Baking science and cancer
When they asked me to collaborate with this blog I asked what they expected from me to write about. The answer was very simple: “write about your field of expertise”. So here I am, ready to tell you quite a few things about… YEAST!!! Yes, you have read it right: Yeast. But don’t worry; this is still a blog about Science, not a baking one. And I won’t talk just about yeast, but also about other research done in the field I work in now (cancer) and can be interesting for you.
I’m a yeast scientist and it has been like that for the last 9 years. We all know that the most common usage of yeast is to bake bread or brew beer. Or if the yeasts are more complex (fungi) are meant to be eaten (like mushrooms) or to annoy you on your feet (fungi infection). But, actually, there is much more behind one simple yeast. This organism has been used in biomedical research for decades already. Why? It’s simple: it’s a simple organism that is easier and cheaper to work with than other cells or organisms.
At the beginning of my career as researcher I was working with yeast to identify new therapeutic targets in fungal infections. These infections are not severe in general but they can turn into lethal ones when the patients who got them have an immune system that doesn’t work properly (i.e: lymphomas, AIDS…). Therefore, the immune system can’t fight the infection and it ends up causing additional problems to the patients. At this moment, the drugs against fungi and yeasts are not very efficient because of the similarity between yeast/fungal and human cells. Actually the existing antifungal drugs have two main problems: 1) they are not specific enough against fungal cells so they will kill not only the fungal cells but also the human ones causing severe side effects, and 2) to not cause side effects, these drugs are not potent enough to kill the fungi.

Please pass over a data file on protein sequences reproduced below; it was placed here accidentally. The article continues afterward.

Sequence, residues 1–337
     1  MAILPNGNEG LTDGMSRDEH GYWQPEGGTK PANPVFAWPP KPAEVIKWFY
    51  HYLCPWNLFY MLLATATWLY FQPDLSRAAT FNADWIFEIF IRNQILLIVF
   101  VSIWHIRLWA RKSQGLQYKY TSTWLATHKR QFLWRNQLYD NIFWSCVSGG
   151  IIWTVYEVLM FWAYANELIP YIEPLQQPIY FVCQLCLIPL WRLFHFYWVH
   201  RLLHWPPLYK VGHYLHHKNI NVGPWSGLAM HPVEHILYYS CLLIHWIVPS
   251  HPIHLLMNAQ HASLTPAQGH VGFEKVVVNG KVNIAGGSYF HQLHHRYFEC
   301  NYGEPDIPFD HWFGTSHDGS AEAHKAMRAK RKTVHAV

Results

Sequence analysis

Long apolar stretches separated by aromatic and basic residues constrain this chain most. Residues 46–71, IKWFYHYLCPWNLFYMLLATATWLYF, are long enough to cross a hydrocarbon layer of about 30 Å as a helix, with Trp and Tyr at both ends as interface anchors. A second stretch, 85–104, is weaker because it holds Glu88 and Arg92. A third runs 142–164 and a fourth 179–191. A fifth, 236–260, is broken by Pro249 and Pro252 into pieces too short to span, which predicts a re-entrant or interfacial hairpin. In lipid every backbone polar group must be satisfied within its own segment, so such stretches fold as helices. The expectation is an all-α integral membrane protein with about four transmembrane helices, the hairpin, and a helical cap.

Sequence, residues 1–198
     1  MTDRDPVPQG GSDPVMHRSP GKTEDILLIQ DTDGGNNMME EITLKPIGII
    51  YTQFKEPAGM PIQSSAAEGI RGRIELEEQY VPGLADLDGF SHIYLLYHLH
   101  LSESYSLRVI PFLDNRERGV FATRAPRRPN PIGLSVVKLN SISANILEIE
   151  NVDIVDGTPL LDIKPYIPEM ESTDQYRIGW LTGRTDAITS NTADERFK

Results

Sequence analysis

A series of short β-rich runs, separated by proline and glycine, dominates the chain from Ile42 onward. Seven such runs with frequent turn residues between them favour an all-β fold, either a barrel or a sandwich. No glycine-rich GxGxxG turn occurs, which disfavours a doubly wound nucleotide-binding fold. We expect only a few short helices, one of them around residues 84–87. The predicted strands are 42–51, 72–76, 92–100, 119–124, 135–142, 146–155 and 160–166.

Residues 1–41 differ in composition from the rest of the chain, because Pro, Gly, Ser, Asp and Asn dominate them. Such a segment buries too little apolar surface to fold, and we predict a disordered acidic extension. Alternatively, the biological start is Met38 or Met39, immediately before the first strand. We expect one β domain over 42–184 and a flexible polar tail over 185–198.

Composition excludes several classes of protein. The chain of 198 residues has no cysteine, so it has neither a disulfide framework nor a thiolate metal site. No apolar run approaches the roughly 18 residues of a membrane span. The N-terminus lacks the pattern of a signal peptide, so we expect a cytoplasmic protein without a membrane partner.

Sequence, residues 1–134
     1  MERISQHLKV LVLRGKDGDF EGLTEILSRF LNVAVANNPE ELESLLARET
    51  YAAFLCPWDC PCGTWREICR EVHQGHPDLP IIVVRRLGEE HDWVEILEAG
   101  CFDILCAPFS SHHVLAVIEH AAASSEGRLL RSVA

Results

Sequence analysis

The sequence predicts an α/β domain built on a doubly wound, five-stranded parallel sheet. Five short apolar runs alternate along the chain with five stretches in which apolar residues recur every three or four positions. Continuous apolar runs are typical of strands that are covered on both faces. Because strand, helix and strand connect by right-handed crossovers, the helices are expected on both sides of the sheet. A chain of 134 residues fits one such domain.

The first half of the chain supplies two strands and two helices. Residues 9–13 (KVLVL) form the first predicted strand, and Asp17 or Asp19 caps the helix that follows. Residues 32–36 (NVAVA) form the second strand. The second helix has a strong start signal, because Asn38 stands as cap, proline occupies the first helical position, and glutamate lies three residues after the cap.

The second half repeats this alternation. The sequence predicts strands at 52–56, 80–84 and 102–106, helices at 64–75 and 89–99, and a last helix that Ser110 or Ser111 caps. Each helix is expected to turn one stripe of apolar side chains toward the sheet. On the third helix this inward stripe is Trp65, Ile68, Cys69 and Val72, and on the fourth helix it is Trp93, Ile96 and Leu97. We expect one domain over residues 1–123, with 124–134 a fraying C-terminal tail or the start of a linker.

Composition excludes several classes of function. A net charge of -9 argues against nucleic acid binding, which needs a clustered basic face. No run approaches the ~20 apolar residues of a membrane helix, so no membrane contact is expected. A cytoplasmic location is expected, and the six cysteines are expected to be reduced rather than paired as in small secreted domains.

Because of this, studying the different structures between yeasts/fungi and human cells (i.e: the cell wall) is required to develop new and more efficient drugs against fungi. However, only around 10-20 percent of patients who get a general fungal infection have their immune system somehow defective. The majority of patients get these infections in the hospital. Hospitalized patients are more susceptible to these infections because of different reasons. For instance, the use of high amount of antibiotics that wipes out the bacterial competitors or surgery and use of intravenous catheters that will allow fungi to have access to the patients tissues. In this case the immune system of these patients is intact and will generate an immune response to vaccination. Therefore, another kind of projects that use yeasts and fungi to do research are aimed to create vaccines to avoid these infections.